Additionally, Teotihuacan exported fine obsidian tools that are found throughout Mesoamerica. The city is thought to have been established around 100 BC, with major monuments continuously under construction until about 250 AD. The city may have lasted until sometime between the 7th and 8th centuries AD, but its major monuments were sacked and systematically burned around 550 AD.
The name Teotihuacán was given by the Nahuatl-speaking Aztecs centuries after the fall of the city around 550 AD. The term has been interpreted as “birthplace of the gods”, or “place where gods were born”, reflecting Nahua creation myths that were said to occur in Teotihuacan. Some scholars interpret the name as “place of those who have the road of the gods.” This is because the Aztecs believed that the gods created the universe at that site.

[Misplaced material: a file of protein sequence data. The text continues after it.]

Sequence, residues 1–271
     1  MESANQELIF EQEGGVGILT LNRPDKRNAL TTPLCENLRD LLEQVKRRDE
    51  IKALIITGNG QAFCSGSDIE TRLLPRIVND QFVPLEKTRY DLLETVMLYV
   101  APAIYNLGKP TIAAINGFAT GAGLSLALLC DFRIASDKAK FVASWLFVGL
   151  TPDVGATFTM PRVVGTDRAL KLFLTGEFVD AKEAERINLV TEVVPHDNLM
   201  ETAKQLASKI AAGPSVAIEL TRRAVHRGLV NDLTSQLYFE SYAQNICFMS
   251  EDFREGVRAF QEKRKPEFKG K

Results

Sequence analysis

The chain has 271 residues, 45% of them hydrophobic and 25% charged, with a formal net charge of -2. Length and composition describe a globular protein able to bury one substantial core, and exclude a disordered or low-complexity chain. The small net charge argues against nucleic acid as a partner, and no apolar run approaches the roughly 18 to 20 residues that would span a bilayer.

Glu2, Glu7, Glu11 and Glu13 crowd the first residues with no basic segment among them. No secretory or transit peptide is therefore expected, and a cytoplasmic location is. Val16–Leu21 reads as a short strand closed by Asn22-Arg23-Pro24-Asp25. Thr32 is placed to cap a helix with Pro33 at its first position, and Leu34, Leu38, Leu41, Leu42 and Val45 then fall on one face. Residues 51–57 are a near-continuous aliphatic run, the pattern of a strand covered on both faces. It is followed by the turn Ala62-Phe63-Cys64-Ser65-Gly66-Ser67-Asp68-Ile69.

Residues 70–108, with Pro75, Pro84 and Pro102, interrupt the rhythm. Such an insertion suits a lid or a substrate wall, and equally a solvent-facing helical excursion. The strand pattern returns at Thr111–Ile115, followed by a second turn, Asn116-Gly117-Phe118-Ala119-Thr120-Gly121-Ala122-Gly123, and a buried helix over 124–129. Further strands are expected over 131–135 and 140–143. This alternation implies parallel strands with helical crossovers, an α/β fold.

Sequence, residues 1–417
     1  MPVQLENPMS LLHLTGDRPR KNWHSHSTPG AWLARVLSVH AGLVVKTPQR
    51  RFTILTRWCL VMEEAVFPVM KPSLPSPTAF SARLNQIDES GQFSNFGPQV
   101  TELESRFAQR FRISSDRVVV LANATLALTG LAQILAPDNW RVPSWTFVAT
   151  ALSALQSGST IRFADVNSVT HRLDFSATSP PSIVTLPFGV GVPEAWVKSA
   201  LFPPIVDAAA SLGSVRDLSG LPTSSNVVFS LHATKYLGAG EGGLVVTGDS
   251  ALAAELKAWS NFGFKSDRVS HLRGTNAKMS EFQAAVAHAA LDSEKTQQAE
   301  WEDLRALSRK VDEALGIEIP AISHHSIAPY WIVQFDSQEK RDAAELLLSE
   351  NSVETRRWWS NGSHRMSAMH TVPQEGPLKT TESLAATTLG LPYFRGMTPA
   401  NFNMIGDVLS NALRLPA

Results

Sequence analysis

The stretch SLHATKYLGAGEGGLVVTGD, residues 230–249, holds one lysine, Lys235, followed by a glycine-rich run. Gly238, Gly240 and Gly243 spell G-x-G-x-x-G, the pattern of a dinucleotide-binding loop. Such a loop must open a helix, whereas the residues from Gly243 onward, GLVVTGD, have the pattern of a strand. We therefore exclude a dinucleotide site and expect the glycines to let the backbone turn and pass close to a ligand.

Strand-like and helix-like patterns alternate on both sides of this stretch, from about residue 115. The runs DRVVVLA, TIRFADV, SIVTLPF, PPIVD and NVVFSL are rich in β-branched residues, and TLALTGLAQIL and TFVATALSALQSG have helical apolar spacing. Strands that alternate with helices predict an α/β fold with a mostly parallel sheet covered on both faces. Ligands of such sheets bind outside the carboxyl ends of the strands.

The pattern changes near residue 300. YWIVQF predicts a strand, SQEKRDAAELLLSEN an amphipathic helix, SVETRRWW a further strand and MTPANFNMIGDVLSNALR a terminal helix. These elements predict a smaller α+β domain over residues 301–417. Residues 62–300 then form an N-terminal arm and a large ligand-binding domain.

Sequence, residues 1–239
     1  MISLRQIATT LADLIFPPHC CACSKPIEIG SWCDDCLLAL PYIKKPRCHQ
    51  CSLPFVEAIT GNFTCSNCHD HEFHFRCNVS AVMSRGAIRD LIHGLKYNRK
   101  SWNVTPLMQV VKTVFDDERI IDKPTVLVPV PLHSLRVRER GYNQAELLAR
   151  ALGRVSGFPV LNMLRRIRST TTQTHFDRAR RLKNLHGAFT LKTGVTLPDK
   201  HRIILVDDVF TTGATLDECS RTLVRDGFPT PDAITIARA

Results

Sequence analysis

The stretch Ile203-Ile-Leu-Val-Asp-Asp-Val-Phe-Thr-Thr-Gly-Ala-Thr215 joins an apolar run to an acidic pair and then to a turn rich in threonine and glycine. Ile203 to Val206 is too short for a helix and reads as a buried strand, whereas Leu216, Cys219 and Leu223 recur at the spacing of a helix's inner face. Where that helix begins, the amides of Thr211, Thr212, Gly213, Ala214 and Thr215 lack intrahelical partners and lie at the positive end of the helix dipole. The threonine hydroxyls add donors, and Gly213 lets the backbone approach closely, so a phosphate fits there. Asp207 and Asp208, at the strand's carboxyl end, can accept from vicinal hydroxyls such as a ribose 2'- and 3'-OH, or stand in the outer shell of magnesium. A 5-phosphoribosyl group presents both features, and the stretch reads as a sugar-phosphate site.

After walking through some outer buildings covered with murals, we started with the Pyramid of the Moon, the second largest in the city. It covers a structure older than the Pyramid of the Sun which existed prior to 200 AD. It’s construction between 100 and 450 AD completed the bilateral symmetry of the temple complex.
The pyramid is located at the end of the Avenue of the Dead (the central road that is 150 feet wide and a mile and a quarter long, named because it is believed to have been paved with tombs), connected by a staircase, and was used as a stage for performing ritual sacrifices of animals and humans.
It was also a burial ground for sacrificial victims. A platform atop the pyramid was used to conduct ceremonies in honor of the Great Goddess of Teotihuacan, the goddess of water, fertility, the earth, and even creation itself.